Really, if there's anything that's typical of a "White colnial mentality" it's the whole concept of "intellectual property rights." I mean, I agree with the concept, it's just the most shameless pirates of African music are Africans themselves. In any town or village in Africa you'll find a shack where you can pick out an LP, give it to the proprietor and come back in an hour & pick up a dubbed cassette (I suppose nowadays you don't even have to wait, they can just copy a CD in 3 minutes). And people think there's absolutely nothing wrong with this. Of course, this drives the musicians and record companies crazy, and I don't blame them, but what are they going to do?

Miguel Llansó said...

Since there are blogs like this, we are planning seriously to make a international net of african cinema and music, supported by the Spanish Ministery of Foreign Affairs and Cooperation, and a lot of african artist and producers.

Globalization is here, an globalization means a way of information management. We must be deep, critical, original and smart.

Blogs like this one are very good engines to generate new proyects. This blog represents mainly a form of knowledge.

Thank you so much and we must continue with that discussions and dialogues.

Miguel Llansó
Ministery of Foreign Affairsa nd Cooperation. Madrid. Spain.
(Still with a punk heart)

Anonymous said...

thanks for the good intention Miguel ... I look forward to it ... thank you too for the smile you brought to my face when I try to imagine what a 'punk diplomat' could look like :-) chris a

Steve said...

I agree completely with Matt, the argument presented to us that this is for the musicians borders on ludicrous when we all know that they are getting less than 5% of the proceeds from sales.

I will even go further and say this - while I respect all the hard work that goes into producing liner notes and music, the idea that I should not post about music on my blog or wherever if if I cannot research it or produce new value or find great quality versions of the tracks is hogwash. The days of setting up bastions of intellectual protection around music (or books or art or wine or whatever for that matter) to protect it from the unwashed masses (me and my ilk) are long gone. If there is one thing that the Internet guarantees you, it is that the democratization of the dissemination of information means that you will have to wallow through lots more muck to find any pearls (take whatever meaning you will from that).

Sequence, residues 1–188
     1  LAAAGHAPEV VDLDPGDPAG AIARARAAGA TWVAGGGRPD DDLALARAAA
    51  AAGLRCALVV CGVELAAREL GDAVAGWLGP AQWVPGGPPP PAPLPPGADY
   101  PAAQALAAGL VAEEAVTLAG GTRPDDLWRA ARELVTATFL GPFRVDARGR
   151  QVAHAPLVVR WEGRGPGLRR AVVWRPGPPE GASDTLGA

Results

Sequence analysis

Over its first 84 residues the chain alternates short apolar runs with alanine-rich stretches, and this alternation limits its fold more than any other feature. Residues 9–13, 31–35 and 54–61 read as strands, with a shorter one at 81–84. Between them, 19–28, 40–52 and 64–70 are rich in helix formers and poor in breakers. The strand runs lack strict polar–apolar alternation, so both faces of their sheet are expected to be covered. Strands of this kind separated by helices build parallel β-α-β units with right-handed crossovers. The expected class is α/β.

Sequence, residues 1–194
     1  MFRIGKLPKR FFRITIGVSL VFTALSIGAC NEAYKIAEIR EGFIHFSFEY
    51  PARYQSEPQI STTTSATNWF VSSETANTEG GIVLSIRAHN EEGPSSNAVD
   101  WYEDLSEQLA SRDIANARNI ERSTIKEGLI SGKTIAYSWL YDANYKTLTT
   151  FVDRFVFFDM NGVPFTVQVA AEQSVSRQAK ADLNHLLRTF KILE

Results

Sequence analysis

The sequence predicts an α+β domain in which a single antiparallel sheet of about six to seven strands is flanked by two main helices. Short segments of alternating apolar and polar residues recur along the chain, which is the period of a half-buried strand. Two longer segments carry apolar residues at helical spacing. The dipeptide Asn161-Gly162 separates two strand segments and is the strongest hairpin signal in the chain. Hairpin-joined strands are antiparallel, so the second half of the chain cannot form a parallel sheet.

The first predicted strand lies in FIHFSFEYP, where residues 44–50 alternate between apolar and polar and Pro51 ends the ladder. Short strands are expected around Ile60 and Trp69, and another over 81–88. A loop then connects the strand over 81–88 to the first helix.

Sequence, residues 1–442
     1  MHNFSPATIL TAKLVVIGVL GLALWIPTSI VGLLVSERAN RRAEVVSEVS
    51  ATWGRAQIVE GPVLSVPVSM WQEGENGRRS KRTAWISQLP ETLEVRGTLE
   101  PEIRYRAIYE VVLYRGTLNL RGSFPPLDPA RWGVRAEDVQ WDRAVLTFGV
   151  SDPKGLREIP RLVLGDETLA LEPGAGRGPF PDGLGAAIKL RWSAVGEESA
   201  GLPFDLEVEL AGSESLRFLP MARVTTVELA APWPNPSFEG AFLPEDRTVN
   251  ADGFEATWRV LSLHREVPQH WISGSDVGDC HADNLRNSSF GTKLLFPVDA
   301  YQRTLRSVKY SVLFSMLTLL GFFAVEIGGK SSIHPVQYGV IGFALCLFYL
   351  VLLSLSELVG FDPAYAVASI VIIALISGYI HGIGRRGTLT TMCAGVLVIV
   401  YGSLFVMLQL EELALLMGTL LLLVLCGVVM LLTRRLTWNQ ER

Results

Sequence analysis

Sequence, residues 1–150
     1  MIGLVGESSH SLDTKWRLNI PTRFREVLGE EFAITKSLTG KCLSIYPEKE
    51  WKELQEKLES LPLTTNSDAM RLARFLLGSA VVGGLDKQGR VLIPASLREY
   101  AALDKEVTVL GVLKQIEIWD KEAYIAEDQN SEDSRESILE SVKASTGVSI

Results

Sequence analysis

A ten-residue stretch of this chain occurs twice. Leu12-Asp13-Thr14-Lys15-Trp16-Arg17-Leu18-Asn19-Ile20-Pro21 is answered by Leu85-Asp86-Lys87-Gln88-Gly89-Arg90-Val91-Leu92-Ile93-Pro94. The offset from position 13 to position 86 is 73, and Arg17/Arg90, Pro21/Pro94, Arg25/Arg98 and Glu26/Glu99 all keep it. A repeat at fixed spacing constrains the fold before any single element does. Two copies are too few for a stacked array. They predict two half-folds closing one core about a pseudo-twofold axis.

I like, nay, love, deeply deeply love the music that I post about. That, for me, is enough reason to post whatever whenever however.

My bit is to try and stimulate conversation, get people talking about the music, the memories it evokes, the feelings its brings to the surface, thoughts on the artists, just getting someone to share some insight, little or big, that makes the music that little bit more enjoyable that it already so greatly is and generally setting up some sort of written record about all of this. We all know that there is so much information and history around this music that has just disappeared since the intellectuals were too busy documenting "real music" TM to bother with this.

For whatver reason, my experiment seems to be working.

One last parting thought, in my mind, there is this huge surreal parallel between this "you have to be a true scholar to talk about the music" argument and the why is the white guy playing African music argument, both smack of pretension.